The US announced on Monday that gay and lesbian Americans with spouses from abroad will be allowed to apply for green cards while the courts decide on the matter.

The courts are considering the constitutionality of the Defense of Marriage Act which bars the federal government from recognising same-sex couples in the US or granting them any federal benefits.

Immigration Equality, a group specialising in immigration rights for lesbian, gay, bisexual and transgender people, hailed the announcement by the US Citizenship and Immigration Services.

“[The] statement is the first domino to fall for LGBT Americans with foreign national spouses,” said Rachel B. Tiven, the group’s executive director.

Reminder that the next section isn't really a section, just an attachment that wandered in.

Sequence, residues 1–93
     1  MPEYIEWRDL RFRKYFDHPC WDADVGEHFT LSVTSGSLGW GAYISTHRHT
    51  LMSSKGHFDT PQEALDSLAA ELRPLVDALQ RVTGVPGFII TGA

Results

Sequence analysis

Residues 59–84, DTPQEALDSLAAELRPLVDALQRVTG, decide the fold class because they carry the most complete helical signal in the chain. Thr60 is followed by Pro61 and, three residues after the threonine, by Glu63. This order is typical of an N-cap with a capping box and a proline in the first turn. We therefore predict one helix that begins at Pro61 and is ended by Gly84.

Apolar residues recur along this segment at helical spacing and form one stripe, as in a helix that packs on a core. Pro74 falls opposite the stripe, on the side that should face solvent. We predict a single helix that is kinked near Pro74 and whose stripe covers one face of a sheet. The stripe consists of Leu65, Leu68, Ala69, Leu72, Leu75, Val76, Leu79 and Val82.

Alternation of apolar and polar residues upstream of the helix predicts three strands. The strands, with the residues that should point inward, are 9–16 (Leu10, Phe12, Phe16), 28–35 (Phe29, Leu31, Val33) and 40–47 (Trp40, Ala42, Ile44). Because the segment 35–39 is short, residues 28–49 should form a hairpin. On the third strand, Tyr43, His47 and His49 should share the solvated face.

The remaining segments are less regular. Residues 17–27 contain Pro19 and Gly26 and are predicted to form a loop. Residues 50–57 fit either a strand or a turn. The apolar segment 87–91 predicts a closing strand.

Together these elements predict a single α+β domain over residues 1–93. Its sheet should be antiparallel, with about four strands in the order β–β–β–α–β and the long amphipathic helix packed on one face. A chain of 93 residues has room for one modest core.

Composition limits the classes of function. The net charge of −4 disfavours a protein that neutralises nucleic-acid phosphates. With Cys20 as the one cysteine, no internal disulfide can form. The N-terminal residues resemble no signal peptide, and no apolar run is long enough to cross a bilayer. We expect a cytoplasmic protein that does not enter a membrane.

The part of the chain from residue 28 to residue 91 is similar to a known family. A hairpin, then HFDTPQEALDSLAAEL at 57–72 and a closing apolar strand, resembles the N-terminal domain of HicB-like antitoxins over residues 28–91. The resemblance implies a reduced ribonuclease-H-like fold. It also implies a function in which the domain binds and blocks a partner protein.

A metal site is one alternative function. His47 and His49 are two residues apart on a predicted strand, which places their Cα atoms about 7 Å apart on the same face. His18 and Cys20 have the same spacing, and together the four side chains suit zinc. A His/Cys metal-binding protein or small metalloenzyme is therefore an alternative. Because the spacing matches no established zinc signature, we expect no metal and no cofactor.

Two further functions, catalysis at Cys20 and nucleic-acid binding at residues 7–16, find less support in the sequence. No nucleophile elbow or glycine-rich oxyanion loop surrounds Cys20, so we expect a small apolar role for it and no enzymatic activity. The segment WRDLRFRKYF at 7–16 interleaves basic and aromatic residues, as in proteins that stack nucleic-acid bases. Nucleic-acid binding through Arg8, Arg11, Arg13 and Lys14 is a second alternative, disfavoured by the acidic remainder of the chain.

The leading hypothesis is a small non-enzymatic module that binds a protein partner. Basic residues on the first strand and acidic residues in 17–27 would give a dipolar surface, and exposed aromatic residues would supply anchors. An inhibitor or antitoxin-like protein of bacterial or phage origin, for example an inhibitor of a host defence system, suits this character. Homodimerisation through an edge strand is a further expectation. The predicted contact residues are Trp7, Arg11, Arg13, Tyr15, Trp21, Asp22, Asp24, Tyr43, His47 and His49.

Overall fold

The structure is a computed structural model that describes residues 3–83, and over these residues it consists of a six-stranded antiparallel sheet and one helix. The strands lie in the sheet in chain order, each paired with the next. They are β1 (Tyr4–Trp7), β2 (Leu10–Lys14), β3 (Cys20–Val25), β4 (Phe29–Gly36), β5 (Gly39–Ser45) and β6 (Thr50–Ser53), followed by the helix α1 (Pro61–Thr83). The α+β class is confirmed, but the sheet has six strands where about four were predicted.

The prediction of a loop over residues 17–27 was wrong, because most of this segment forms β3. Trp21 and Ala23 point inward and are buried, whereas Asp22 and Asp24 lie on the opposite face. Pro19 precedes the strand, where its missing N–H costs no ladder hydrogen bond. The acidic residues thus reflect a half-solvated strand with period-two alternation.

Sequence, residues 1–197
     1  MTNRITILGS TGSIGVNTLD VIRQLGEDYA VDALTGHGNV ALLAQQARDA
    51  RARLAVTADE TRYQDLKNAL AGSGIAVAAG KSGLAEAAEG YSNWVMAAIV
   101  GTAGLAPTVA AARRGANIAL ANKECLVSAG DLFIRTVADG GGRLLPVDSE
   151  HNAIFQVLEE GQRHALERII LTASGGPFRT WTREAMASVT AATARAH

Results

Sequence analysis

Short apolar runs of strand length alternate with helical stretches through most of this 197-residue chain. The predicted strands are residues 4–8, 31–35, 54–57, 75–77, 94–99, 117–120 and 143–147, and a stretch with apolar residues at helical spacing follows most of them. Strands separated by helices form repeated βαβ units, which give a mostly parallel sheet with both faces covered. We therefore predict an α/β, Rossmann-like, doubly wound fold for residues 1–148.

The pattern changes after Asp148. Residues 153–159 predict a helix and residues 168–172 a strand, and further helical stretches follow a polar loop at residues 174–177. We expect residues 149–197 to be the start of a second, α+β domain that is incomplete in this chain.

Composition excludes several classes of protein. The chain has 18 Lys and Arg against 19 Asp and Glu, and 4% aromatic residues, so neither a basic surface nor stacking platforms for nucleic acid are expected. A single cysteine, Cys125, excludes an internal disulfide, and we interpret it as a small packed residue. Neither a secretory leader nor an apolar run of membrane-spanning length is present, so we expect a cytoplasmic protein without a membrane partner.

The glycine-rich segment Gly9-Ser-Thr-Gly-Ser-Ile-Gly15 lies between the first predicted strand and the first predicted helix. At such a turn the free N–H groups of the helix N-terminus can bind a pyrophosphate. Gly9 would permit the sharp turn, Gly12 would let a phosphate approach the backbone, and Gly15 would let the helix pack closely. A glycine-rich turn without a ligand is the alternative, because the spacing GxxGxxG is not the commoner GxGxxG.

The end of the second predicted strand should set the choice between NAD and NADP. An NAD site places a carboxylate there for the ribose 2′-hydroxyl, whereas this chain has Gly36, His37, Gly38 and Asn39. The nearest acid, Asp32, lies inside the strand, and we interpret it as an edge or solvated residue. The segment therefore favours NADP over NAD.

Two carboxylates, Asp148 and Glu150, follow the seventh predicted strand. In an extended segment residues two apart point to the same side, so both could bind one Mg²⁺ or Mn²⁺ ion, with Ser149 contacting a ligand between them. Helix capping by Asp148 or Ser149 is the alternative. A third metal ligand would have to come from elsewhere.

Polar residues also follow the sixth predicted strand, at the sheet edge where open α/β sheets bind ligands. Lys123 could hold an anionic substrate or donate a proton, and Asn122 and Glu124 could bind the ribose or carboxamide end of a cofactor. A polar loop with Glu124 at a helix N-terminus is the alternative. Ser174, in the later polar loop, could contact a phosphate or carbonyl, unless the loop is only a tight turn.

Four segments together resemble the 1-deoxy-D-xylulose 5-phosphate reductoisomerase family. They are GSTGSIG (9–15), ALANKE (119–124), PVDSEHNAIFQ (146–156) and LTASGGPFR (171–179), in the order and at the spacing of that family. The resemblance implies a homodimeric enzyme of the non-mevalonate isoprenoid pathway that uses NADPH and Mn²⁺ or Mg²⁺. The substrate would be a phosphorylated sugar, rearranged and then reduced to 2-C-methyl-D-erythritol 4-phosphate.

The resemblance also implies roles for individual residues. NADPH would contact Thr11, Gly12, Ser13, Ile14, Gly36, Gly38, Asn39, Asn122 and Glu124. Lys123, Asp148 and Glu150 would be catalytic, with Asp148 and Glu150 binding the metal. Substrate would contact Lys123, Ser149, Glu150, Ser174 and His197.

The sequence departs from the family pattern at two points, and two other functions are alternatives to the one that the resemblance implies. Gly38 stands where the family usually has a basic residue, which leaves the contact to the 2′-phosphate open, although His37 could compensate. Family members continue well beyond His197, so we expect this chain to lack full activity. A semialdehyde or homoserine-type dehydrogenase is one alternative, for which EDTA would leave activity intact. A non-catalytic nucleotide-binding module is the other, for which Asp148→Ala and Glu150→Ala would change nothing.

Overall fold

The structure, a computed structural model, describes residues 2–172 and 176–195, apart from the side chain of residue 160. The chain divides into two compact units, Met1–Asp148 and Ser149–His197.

Last week, the organisation filed a green card application on behalf of Edwin Blesch, an American citizen struggling with fading health, and Tim Smulian, his South African husband. Despite being legally married in South Africa – a marriage recognised in Blesch’s home state of New York – the couple has struggled to remain together.

The couple welcomed the US government’s latest announcement. “Every day, we live with the very real possibility that, despite following every law and every policy of the United States, Tim will be forced to leave the country, and I will be left without my caretaker and the love of my life,” Blesch said in a statement.

“Today’s news gives us great relief, and great hope that we may soon be able to put that worry behind us. For the first time, we can begin to plan the rest of our lives together without fear that we will be torn apart.”

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